By Andrew North
BBC News, Baghdad
Can Iraq's new army and police forces take over responsibility for security across the country within 15 months, thereby allowing the majority of American combat troops to withdraw?
That is the ambitious - some say unrealistic - proposal at the heart of the Iraq Study Group report given to President Bush last week.
Opinion on the report has become more divided as its 79 recommendations have been fully digested.
But almost everybody still agrees that any hope of restoring stability depends on the Iraqi government being given the lead on security and better forces of its own.
The reality though is that this is nothing new.
Rising US deployments
"Our strategy can be summed up this way: As the Iraqis stand up, we will stand down."
|To put it bluntly, US reporting on Iraqi force development has lost credibility
Report by the Centre for Strategic and International Studies
There were the words of President George W Bush in a speech in June 2005.
At the time, the Pentagon said it had trained and equipped about 160,000 army and police.
Eighteen months later, that number has doubled. But instead of reducing, the US troop count here has increased, due to the soaring violence and the inability of Iraqi security forces to deal with it.
Reading the figures
There are now 10 Iraqi Army divisions according to the Pentagon, comprising about 130,000 trained soldiers, and nearly 190,000 local and national police, as well as border patrol units.
But although they have Iraqi commanders, it is still US commanders who decide where they go and what they do.
Only three divisions, about a third of the total force, are under full Iraqi government control.
The plan is for a gradual transfer, so that Iraq's Prime Minister Nouri Maliki will be in charge of most army units within the next six months.
Commanders and diplomats are optimistic, saying this process was already being accelerated before the Baker-Hamilton report's release.
Primary mission of US forces should evolve to one of supporting Iraqi army
By first quarter of 2008... all combat brigades not necessary for force protection could be out of Iraq
US must not make open-ended commitment to keep large numbers of American troops deployed in IraqSource: ISG report Most computers will open this document automatically, but you may need Adobe Reader
But this only tells part of the story. Because it's not just about numbers, but capability and equipment.
In late October, the senior US commander here, General George Casey, said Iraqi security forces were already 75% complete. But experts are sceptical about such positive assessments.
"To put it bluntly, US reporting on Iraqi force development has lost credibility," says a recent report by Anthony Cordesman of Washington's Centre for Strategic and International Studies, whose regular analyses are widely read in Iraq and the US.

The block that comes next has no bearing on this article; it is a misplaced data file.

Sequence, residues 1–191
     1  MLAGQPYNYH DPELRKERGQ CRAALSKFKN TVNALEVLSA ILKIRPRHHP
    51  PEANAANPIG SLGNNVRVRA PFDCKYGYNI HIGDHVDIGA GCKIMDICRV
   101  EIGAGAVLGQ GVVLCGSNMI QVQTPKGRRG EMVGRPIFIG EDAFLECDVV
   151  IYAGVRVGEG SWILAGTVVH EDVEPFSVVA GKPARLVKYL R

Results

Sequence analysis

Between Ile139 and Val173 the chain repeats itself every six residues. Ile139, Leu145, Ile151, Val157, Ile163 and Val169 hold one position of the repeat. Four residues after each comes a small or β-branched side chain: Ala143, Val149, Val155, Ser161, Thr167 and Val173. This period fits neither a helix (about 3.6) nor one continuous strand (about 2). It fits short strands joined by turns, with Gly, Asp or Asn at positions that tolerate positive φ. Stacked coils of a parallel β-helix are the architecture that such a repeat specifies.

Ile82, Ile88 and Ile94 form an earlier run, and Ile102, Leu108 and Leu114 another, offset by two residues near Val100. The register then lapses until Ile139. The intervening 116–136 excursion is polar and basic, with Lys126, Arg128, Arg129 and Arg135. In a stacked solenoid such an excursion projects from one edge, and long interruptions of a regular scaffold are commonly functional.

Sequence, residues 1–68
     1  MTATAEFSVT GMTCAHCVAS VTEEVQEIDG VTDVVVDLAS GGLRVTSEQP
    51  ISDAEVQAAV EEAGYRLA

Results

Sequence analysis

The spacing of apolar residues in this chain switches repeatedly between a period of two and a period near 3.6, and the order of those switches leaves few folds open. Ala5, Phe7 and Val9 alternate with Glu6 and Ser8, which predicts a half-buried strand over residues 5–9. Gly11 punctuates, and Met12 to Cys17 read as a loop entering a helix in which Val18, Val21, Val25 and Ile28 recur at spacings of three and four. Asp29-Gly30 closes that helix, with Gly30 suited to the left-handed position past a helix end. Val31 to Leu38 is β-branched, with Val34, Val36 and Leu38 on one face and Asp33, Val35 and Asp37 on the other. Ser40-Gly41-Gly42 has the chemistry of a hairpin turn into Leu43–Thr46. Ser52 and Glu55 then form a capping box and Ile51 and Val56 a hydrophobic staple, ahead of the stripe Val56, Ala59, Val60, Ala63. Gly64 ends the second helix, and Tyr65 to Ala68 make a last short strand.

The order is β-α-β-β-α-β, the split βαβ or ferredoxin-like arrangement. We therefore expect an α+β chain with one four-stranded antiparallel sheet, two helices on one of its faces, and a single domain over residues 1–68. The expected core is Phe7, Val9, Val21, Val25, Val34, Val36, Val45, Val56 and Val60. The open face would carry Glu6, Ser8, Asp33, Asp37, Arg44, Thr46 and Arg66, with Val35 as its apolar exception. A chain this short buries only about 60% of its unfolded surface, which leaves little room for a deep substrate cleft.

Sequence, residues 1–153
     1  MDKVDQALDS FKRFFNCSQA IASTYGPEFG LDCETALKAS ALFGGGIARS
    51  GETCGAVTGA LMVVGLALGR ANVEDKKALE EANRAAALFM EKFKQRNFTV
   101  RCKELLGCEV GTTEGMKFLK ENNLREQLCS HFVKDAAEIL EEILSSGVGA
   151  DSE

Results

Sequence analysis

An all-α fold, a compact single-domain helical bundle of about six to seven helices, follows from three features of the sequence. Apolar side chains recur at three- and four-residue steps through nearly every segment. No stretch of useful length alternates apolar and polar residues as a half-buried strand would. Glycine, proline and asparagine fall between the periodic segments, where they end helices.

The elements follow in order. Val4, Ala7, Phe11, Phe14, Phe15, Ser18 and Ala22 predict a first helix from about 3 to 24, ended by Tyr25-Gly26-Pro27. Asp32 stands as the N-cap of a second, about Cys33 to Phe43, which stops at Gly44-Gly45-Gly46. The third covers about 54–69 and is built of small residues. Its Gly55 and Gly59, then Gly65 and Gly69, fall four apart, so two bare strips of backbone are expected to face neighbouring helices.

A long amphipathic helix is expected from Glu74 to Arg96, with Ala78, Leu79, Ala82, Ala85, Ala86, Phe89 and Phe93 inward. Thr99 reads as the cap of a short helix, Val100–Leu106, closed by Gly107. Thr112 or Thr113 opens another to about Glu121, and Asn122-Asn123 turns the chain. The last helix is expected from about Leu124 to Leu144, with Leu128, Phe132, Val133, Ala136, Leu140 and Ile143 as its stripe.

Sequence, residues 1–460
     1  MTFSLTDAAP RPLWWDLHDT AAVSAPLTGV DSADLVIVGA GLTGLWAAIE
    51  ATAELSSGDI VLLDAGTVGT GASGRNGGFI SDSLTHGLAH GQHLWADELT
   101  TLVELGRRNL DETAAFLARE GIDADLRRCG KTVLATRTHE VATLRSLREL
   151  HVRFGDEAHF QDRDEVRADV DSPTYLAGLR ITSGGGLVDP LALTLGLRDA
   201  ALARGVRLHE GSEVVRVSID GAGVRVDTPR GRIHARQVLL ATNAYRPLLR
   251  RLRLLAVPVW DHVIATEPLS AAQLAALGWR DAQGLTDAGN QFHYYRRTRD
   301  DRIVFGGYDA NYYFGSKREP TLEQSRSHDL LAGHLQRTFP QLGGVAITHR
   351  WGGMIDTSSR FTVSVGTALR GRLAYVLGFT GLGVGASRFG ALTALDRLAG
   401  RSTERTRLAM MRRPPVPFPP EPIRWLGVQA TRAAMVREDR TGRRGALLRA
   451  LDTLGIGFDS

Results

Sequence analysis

Thousands of Iraqi troops are now involved in operations on a daily basis and suffering many casualties as they confront insurgents. Many Iraqis trust their new army far more than other government bodies.
But it's a mixed picture. Many units are badly led. Absenteeism is rife, so that units are regularly below their official published strength - something the ISG report highlights.
The Iraqi army lacks key equipment and logistical support. For instance, commanders still need the US to move troops and supplies longer distances, as the Iraqi air force has just three large transport aircraft of its own.
They depend totally on the Americans for air support for ground operations. The same applies for evacuating wounded personnel by air.
US government stinginess is partly to blame, the ISG report says, pointing out that the US $3bn set aside for funding the Iraqi military in 2006 "is less than the United States currently spends in Iraq every two weeks".
It is an old complaint.
"We've been asking the Americans for more helicopters and other equipment long before this report," said an official at the Iraqi Defence Ministry, who asked not to be named.
The ISG report says the leadership issues will be ironed out by embedding more US military advisers with Iraqi units to provide on-the-job training.
It calls for a fivefold increase in their number, to 20,000 - an idea that has support among Western officials here.
"The multiplier effect of embedding coalition troops [with Iraqi units] has been phenomenal," says one diplomat.
This is already happening to some degree, says US military spokesman Lt Col Christopher Garver, with some US commanders deciding "to increase the number of advisers with Iraqi units in their area".
But the proposal has run into rough water with Iraq's President Jalal Talabani calling it a "violation of Iraqi sovereignty" which would turn the army into "a tool in the hands of foreign officers".
Police and sectarianism
The chances that the army can take over within the next 15 months look good though when you compare it to the state of Iraq's police.
Far from upholding the law, many of its units have been accused of direct involvement in sectarian killings.
Most of the force is made up of Shias. Militia infiltration is widespread. In many Sunni areas of Baghdad, the appearance of a police unit sparks terror.
With the police force seen as part of the problem, US troops have had to step in to prevent full-scale civil war breaking out.
Some tentative efforts at reform of the police have begun. But no-one believes it will be possible to turn the police round by early 2008.
Attempts by the Americans to start withdrawing forces - particularly from Baghdad - and hand over to them could therefore mean even more communal strife.
As everyone keeps saying, there are no good options now for the Americans in Iraq.